# Solving Schrodinger Equation

1. Nov 9, 2013

### wileecoyote

I'm working my way through some QM problems for self-study and this one has stumped me. Given the Hamiltonian as $H(t) = f(t)H^0$ where $f(t)$ is a real function and $H^0$ is Hermitian with a complete set of eigenstates $H^0|E_n^0> = E_n^0|E_n^0>$. Time evolution is given by the Schrodinger equation $i \hbar \frac{d}{dt}|\phi (t)> = H(t)|\phi (t)>$. I am supposed to write a solution to the Schrodinger equation as a linear combination of the eigenstates of $H^0$. Now clearly
$|\phi (t)> = \sum\limits_{n=1}^N c_n (t)|E_n^0>$. But where do I go from there. The second part is to convert the Schrodinger equation into a first order diff eq and solve for the $c_n (t)$. Any help is appreciated. Thanks.

2. Nov 9, 2013

### dauto

Seems pretty straight forward to me. Plug in the expressions for |phi(t)> and H(t) into the Schroedinger Equation, act on it with a bra of one of the eigenstates <En0|, use the orthonormality of those states, and solve the ODE.

3. Nov 9, 2013

### wileecoyote

I'm not really sure how to deal with the sums, when I plug in and evaluate $H^0$I get
$i \hbar \frac{d}{dt} \sum\limits_{n=1}^N c_n (t)|E_n^0> = f(t) \sum\limits_{n=1}^N c_n (t) E_n^0 |E_n^0>$ and then if I act with a $<E_n^0|$ it will simply cancel out the $|E_n^0>$ (completeness relation), but then how do I solve it from there? Also if I am given a well-defined Hamiltonian in terms of time and a state $A$ with eigenvalue $a$ at t=0. How do I find the probability that as t->infinity a measurement of $A$ will give a different eigenvalue?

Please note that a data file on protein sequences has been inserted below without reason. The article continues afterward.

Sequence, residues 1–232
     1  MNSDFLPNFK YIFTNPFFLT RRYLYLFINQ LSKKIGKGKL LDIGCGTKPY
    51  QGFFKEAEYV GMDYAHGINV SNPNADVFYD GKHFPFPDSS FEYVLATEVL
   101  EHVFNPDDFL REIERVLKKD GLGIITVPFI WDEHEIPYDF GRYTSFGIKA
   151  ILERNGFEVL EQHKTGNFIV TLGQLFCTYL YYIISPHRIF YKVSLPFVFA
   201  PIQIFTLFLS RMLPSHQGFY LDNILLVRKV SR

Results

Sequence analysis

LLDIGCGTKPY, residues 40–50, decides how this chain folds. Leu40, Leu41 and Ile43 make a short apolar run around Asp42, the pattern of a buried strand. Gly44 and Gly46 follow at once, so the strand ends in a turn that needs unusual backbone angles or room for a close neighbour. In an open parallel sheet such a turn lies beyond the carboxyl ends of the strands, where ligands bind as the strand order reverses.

4. Nov 9, 2013

### dauto

You should apply the bra on the left side and use the orthonormality relation - not the completeness relation. There will be only one single non-vanishing term left in the summation. That term will give you an ODE.

5. Nov 9, 2013

### wileecoyote

Right so because of orthogonality each term where $n \neq m$ will cancel leaving the left side as $i \hbar \frac{d}{dt} c_n (t)$ but wouldn't the same have to happen to the right side making the equation $i \hbar \frac{d}{dt} c_n (t) = f(t)E_n^0 c_n (t)$. Is that right? Also what about my second question from post 3?

6. Nov 9, 2013

### Ravi Mohan

Yes, that is the idea.
$$P = \lim_{t \to +\infty}\left(1-|\langle A(t)| A(0)\rangle|^2\right),$$
where $|A(t)\rangle$ can be computed from Schrodinger's equation.

Last edited: Nov 9, 2013
7. Nov 9, 2013

### wileecoyote

Thanks, but how would I compute $A(t)$. I'll give a little more detail. For this particular example, I am given that
$A = \left( \begin{array}{cc} 1 & 0 \\ 0 & -1 \end{array} \right)$ with eigenvalue 1 at $t= 0$. Since I've now got an expression for $c_n(t)$ I can calculate $|\phi (t)>$, but what about this $A(t)$.

8. Nov 10, 2013

### Ravi Mohan

I thought that $A$ was a quantum state.

Do you mean that system is in one of the eigen states of operator $A$?
Also can you write down the Hamiltonian?

9. Nov 10, 2013

### wileecoyote

yes at t=0

$H(t) = ae^{-t/b} \left( \begin{array}{cc} 0 & 1 \\ 1 & 0 \end{array} \right)\$

10. Nov 10, 2013

### Ravi Mohan

Ok.
So the time independent part of Hamiltonian is
$H^0 = \left( \begin{array}{cc} 0 & 1 \\ 1 & 0 \end{array} \right),$
with eigen-vectors and eigen-values as $|e_1\rangle = \frac{1}{\sqrt{2}} \left( \begin{array}{c} 1 \\ 1 \end{array} \right)$, $|e_2\rangle = \frac{1}{\sqrt{2}} \left( \begin{array}{c} 1 \\ -1 \end{array} \right)$ and $1,-1$ respectively.

Now after calculating $C_n(t)$, you have $|\phi(t)\rangle = \sum\limits_{i=1}^{2}C_i(t) |e_i \rangle$.

The operator corresponding to observable $A$ is
$A = \left( \begin{array}{cc} 1 & 0 \\ 0 & -1 \end{array} \right),$
with eigen-vectors as $|a_1\rangle = \left( \begin{array}{c} 1 \\ 0 \end{array} \right)$, $|a_2\rangle = \left( \begin{array}{c} 0 \\ 1 \end{array} \right)$.

When the time approaches infinity the probability that the measurement will not result in eigen-value = 1 is given by evaluating
$$P = \lim_{t \to +\infty}\left(1-|\langle a_1| \phi(t)\rangle|^2\right).$$